2013 Tax Lien Sale Report

Earlier this month, I wrote about going to another tax lien sale. This one was run a bit different than the previous ones that I had been to, so I was pretty certain that I wouldnt walk away empty handed like the last 2 times I went.

The sale started at 9 and I got there a bit before 830, and the place was already packed. I got my number and went to find my father in law, who also attended the sale, and has in the county for the past 3 years (He’s getting close to taking over deeds for some of the first parcels he purchased back in 2009). After I sat down, him and I chatted about which properties we were hoping to get (We each had a list, and one parcel showed up on both of ours) and waited for it to start. I had my list broken down into categories – an “A” list, with ones I really wanted, and a “B” list, with ones that I wanted a bit less than the A ones. Once it started, they announced that there were about 125 people there (a record) and they got started.

As I mentioned earlier, this was different than the others. In this county’s, they draw your number then you tell them what property you want that’s still available. If you dont like any that are left, you do have the option to pass. By the time that my number was called, all of the properties from my “A” list were gone, and so I moved on to my still totally full B list, and selected a property on the very northern edge of the county, backed by some BLM lands and the mountains. My father in law was called a bit later, and he still had one from his list that he selected.

Not long after, everyone that was in attendance was called and they let people who were not interested in staying for round 2 to pay the county what they owed and leave. Those that wanted to wait decided to stay. Since there was still 50+ properties there and the line to leave was rather long, my father and I decided to stick it out and stay for the second round.

As luck would have it, my father in law got called fairly early in the second round and selected another property, and I was called shortly after and selected another parcel from my “B” list. Thankfully it was still there – I feel pretty lucky that I didnt get stuck with something totally lame.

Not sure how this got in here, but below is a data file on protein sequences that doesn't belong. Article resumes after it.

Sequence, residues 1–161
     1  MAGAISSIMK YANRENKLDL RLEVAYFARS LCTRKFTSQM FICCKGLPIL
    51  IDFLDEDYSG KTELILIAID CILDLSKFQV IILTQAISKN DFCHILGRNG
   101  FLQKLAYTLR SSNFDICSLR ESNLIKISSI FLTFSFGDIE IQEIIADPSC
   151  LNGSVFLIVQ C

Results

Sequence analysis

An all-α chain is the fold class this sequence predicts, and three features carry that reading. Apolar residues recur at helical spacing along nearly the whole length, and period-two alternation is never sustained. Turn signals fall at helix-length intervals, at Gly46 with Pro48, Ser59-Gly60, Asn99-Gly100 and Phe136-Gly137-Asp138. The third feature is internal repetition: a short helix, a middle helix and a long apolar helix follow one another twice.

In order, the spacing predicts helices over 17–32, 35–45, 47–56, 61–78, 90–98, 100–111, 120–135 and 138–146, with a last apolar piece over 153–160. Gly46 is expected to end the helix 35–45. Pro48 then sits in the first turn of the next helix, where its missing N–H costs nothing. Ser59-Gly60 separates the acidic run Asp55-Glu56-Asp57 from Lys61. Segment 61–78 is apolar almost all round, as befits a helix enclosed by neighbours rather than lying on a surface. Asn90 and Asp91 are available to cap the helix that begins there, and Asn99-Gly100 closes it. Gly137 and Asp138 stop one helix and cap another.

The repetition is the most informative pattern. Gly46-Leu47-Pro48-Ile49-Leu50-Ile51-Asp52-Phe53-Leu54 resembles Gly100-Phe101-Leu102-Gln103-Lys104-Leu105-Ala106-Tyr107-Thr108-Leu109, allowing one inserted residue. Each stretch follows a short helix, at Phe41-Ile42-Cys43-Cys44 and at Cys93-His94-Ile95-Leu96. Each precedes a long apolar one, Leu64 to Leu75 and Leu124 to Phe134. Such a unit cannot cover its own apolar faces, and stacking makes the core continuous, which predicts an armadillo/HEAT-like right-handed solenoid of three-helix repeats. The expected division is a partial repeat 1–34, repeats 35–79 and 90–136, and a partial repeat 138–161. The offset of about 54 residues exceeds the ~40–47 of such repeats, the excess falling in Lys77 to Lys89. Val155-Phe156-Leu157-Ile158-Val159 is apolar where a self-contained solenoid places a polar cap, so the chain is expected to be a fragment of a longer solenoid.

All in all, the two parcels that I picked cost less than $110 total.

What Happens Next?

So now the grand question of what happens next. Well, the county took my payment and will mail me a certificate saying that I have a lien on the property, and they will record it in their books. The owner of each of the two parcels owes me about $54, plus a 3% late fee and 15% interest. The amounts are small (though there were some parcels that were 6k+), but that’s still a significant amount of interest – it’s WAY more than I’m currently earning with lending club. If neither of these people pay me, the county will send me the taxes for these parcels next year as well, which I can then decide to pay or not. If I pay for four consecutive years, I can then move to take over the property deed. The steps that I need to take are outlined in the state statue that authorizes these sales, but it consists of making a good faith effort (whatever that means) to find the owner and let them know you are planning on doing this, advertising it in a “newspaper of record” and a few other small things. Once the appropriate amount of time has passed, the property deed will be yours!

There is one unknown with this however  – both of the properties that I bought liens on were owned by companies (in each case, LLC’s). It is possible that these entities file for bankrupcy. If that does happen, I will still have a lien on the property, but I’m unsure of where I will stand otherwise.

For those curious, I had a few criteria for properties. I wanted something that would be in a nice area (both have mountains to the east) and would have a few acres that H and I could build a cabin on and spend some long weekends with family and friends. Both of these met the requirements.

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